Lady Bird Johnson Wildflower Center - The University of Texas at Austin information

 Native Plant Database

Malpighia glabra


Acerola, Barbados Cherry, Manzanita, Wild crapemyrtle


Malpighiaceae (Barbados-Cherry Family)



Malpighia glabra (Acerola)
Marcus, Joseph A.
Barbados Cherry develops into a thick, rounded canopy of fairly delicate foliage . Small pink flowers appear periodically from April to October and are followed about one month later by bright red, tart-tasting, 1-inch fruits which are high in vitamin C.


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15 photo(s) available

Plant Characteristics

Duration: Perennial
Habit: Shrub
Size Notes: To 2.5 meters in height.
Leaf: Pink
Fruit:
Size Class: 3-6 ft.

Bloom Information

Bloom Color: Pink
Bloom Time: Mar , Apr , May , Jun , Jul , Aug , Sep , Oct , Nov , Dec

Distribution

USA: TX
Native Distribution: From south Texas south through Mexico, Central America, and the Caribbean to South America as far as Peru and Brazil.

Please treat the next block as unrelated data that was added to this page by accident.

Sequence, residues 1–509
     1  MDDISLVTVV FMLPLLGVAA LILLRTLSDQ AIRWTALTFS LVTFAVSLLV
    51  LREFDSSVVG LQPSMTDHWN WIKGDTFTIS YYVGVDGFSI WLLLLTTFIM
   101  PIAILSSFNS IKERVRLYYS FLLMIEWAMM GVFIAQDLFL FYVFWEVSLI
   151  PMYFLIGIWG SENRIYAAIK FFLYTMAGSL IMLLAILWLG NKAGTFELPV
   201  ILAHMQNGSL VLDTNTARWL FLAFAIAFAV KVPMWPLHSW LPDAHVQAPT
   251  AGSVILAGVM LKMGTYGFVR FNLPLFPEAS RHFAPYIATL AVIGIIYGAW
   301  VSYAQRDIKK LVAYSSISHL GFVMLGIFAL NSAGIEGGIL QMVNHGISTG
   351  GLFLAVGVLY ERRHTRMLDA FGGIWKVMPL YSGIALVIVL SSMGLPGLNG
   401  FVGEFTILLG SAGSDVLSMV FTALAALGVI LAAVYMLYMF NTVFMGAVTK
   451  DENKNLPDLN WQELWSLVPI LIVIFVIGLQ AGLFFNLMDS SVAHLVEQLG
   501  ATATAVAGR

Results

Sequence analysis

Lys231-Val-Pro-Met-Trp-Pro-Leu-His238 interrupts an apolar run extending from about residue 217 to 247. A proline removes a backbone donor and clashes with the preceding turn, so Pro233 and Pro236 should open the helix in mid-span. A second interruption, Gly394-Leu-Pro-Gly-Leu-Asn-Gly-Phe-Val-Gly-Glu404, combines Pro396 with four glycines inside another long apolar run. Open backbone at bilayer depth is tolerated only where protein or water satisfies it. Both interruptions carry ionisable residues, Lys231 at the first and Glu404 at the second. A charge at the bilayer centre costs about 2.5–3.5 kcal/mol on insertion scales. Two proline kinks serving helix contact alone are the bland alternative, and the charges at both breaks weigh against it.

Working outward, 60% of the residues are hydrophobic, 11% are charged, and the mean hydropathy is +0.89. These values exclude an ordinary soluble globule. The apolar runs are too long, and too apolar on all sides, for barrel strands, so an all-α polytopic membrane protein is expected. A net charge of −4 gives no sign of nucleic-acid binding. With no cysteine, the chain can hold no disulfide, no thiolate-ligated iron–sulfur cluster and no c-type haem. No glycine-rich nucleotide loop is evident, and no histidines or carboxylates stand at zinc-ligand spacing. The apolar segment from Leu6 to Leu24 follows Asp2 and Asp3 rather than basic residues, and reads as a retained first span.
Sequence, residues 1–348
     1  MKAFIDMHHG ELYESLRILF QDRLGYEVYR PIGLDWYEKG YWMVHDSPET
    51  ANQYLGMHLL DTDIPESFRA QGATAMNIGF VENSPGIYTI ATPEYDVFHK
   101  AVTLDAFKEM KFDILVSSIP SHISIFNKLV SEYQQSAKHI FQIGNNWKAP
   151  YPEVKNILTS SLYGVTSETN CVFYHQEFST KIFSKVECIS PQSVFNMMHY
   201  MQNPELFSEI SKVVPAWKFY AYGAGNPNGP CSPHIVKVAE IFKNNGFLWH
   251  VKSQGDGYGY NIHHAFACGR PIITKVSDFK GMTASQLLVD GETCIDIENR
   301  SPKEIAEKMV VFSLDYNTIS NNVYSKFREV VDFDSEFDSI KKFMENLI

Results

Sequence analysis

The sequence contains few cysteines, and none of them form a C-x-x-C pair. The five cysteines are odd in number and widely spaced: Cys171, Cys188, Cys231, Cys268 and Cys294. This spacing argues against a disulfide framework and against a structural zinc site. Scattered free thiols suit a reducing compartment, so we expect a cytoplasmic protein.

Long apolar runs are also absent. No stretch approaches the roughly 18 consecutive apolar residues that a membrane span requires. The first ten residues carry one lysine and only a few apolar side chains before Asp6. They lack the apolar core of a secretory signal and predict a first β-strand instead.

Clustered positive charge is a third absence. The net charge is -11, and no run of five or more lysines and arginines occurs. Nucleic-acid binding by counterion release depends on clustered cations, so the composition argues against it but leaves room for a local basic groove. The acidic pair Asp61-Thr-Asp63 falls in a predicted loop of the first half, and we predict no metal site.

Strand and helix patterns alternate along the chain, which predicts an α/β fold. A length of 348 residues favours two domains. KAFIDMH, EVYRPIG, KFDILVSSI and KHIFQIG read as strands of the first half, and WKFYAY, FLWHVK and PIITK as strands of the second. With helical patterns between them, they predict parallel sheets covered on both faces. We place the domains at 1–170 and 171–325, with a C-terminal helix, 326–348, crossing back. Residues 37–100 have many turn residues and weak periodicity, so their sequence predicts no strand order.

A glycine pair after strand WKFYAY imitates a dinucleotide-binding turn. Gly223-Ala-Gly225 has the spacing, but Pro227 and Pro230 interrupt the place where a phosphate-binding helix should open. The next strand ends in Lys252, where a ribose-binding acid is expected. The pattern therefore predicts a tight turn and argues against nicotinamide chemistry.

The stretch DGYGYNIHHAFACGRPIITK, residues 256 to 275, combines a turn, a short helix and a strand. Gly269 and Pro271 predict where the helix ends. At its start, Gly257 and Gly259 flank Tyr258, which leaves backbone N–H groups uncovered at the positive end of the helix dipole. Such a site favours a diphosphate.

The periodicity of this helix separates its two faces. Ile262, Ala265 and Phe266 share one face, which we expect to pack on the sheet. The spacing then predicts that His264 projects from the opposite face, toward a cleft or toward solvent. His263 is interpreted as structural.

Native Habitat: Thickets, brushland (matorral), and palm groves

Growing Conditions

Water Use: Medium
Light Requirement: Part Shade
Soil Moisture: Dry
Soil Description: Sandy, Sandy Loam, Medium Loam, Clay Loam, Clay, Limestone. Well-drained.
Conditions Comments: Half of the winters in the Austin area are mild enough for Barbados cherry to keep its leaves. It is useful as a dense screening hedge that may be left soft, sheared, or as a specimen. Birds quickly gobble up its bright, edible fruit and adult butterflies feed on the nectar. Standard tall and dwarf spreading varieties exist.

Benefit

Use Ornamental: Blooms ornamental, Fruits ornamental, Attractive, Hedges, Accent tree or shrub, Patio pot plant, Ground cover, Mass planting
Use Wildlife: Nectar-insects, Fruit-birds, Fruit-mammals, Browse.
Use Food: Fruit, referred to as acerola cherries, eaten and used for juice throughout the worlds tropics and increasingly in temperate areas as well. Very high in Vitamin C.
Conspicuous Flowers: yes
Attracts: Birds , Butterflies
Nectar Source: yes
Deer Resistant: No

Butterflies and Moths of North America (BAMONA)

Malpighia glabra is a larval host and/or nectar source for:
Brown-banded Skipper
(Timochares ruptifasciata)

Larval Host
Learn more at BAMONA
White-patched Skipper
(Chiomara georgina)

Larval Host
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Florida Duskywing
(Ephyriades brunnea)

Larval Host
Learn more at BAMONA
Cassius Blue
(Leptotes cassius)

Larval Host
Learn more at BAMONA

Last Update: 2007-08-01